HUMAN INTEREST STORY – BETHSAIDA TIMES: Philip, a former disciple of John the Baptist, recently began a timeless relationship with Jesus, the long sought after Teacher/CFO whose presence, authority, power and leadership were predicted before his arrival. Philip, his contemporaries, and predecessors were in search of the Messiah. Joyfully, his quest ended when he was found by the One he sought – Jesus of Nazareth, the Chief Faith Office, and Ultimate Social Entrepreneur.
Upon accepting Jesus’ summons — “Follow Me” — Philip connected with the initially skeptical Nathanael telling him of his discovery. In response to Nathanael’s assumption— “Can anything good come from Nazareth?” — Philip’s “come and see” (John 1:43-50) is the call of faith-social entrepreneur in 2019.
Faith-social entrepreneurs are dissatisfied with the way things are. In its earliest understanding, entrepreneurship was not associated with money. The concept and practices were related to the use of skill, expertise and knowledge fueled by passion. They improve the world by inviting others to be a part of endeavors larger than themselves. Faith-social entrepreneurs serve as bridges between kingdom and community as guided by the Great Commission (Matthew 28:18-20).
If Philip had been born 30 years ago, the notion of social entrepreneurship was just beginning to take root. Today, he would have limitless access and the potential to cast his net of influence to a hungry world. The world frequently seeks purpose and relevance through the use of social media.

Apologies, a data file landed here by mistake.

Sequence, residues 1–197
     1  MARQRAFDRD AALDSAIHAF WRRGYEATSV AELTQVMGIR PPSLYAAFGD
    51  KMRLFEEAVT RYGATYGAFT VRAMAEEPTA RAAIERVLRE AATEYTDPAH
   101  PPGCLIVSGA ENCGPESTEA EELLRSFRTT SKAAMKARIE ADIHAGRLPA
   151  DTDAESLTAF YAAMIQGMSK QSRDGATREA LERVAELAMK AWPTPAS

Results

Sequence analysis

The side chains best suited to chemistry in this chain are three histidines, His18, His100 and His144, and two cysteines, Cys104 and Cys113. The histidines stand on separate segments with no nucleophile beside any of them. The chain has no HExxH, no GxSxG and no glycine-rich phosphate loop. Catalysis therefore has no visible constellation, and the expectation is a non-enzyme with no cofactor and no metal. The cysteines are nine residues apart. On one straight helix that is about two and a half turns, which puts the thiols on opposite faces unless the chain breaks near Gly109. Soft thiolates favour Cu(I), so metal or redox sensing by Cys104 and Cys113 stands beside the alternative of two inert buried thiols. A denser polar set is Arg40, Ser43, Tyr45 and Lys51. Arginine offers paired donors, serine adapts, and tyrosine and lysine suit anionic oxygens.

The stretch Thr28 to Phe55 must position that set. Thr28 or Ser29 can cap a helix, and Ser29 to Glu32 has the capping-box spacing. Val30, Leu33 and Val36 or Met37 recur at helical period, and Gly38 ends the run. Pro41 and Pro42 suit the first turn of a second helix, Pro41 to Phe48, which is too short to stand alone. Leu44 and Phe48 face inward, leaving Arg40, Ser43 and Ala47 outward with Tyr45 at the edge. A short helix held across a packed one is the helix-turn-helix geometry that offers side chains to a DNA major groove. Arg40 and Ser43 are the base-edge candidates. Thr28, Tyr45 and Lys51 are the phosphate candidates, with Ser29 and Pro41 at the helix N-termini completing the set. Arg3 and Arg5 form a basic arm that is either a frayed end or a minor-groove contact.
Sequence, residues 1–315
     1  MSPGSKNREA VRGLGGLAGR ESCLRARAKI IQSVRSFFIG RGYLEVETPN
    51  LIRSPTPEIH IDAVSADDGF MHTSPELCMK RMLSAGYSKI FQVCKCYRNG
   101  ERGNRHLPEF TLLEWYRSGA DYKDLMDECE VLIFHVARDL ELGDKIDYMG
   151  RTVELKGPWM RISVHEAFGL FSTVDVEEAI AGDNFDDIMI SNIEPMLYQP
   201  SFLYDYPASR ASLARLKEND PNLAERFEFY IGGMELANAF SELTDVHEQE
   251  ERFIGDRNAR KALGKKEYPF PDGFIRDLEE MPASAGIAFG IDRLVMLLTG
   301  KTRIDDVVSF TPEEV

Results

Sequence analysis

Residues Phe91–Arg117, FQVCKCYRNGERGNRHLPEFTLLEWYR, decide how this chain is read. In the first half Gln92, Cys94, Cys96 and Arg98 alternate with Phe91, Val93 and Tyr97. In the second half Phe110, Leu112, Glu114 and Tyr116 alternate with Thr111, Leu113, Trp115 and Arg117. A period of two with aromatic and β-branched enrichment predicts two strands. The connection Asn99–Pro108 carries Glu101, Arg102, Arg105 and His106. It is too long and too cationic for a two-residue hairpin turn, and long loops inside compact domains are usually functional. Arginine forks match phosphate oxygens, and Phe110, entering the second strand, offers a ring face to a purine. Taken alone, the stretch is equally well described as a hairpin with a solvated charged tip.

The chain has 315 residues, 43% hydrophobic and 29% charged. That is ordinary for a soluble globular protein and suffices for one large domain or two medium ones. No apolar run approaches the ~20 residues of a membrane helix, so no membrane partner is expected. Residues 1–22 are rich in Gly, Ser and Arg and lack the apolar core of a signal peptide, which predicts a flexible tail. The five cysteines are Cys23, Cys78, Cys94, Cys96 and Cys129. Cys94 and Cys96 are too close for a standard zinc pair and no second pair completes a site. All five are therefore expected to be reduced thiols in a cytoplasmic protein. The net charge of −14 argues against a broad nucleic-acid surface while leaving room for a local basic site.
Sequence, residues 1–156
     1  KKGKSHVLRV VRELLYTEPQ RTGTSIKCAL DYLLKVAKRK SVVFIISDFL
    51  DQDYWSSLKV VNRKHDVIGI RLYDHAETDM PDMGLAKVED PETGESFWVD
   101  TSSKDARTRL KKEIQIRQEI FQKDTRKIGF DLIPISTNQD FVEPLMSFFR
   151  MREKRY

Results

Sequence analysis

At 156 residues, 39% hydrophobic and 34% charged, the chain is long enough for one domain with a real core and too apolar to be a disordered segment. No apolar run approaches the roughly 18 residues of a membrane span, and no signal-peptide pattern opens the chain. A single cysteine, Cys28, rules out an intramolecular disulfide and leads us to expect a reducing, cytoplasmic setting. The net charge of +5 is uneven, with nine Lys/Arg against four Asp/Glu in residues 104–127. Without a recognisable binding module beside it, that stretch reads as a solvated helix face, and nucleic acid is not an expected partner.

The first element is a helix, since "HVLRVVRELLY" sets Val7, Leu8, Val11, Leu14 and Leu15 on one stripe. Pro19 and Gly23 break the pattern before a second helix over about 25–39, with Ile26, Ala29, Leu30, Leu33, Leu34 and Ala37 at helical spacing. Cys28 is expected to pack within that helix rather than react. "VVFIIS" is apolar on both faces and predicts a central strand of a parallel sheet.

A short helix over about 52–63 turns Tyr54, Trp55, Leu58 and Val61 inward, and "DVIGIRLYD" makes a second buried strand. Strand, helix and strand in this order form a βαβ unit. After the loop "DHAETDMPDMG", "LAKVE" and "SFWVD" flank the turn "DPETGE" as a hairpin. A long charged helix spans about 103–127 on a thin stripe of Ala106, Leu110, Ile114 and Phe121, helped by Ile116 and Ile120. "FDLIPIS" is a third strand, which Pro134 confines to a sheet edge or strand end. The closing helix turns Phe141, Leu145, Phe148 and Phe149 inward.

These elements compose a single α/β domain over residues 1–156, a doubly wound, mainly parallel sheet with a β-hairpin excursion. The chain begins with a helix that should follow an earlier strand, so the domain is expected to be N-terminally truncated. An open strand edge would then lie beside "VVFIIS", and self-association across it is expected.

During a mountainside ministry moment, Jesus shares the good news with the crowd. For those who were receptive, he challenged existing mindsets, introducing kingdom initiatives and upending the status quo. Jesus motivated people to go home transformed, showing Philip the prime example of faith-social entrepreneurship.
After teaching the multitude of well over 5,000, Jesus directed Philip to feed them. In doing so, Jesus demonstrated His holistic approach to the meeting needs of his creation by quenching their spiritual thirst through supernatural means along with addressing their physical longings for food. Jesus enlarged Philip’s core capacity by involving him in the care of God’s children because Philip was willing (John 6:1-15).
Philip knew logically what to do. At that point, he lacked vision and innovation, yet Jesus inspired him to take the risk of faith. Philip looked through the lens of limitation but God challenged him to look deeper within the community to identify resources God made available. Thus, Philip’s practicality yielded to Christ’s compassion which moved him and the other disciples beyond sentiment into meaningful acts of service.
Faith-social entrepreneurs may not have all the answers but are convinced of God’s call. They are persuaded to invite others to partner with Jesus. The faith-social entrepreneur understands that there are no guarantees of success on our own terms. However, true success is measured by God’s standards of faithfulness and obedience rather than our human opinions. The faith-social entrepreneur of 2019 operates with a trainable spirit, and trusts that God is “able to accomplish abundantly far more than all we can ask or imagine” (Ephesians 3:20, New Revised Standard Version).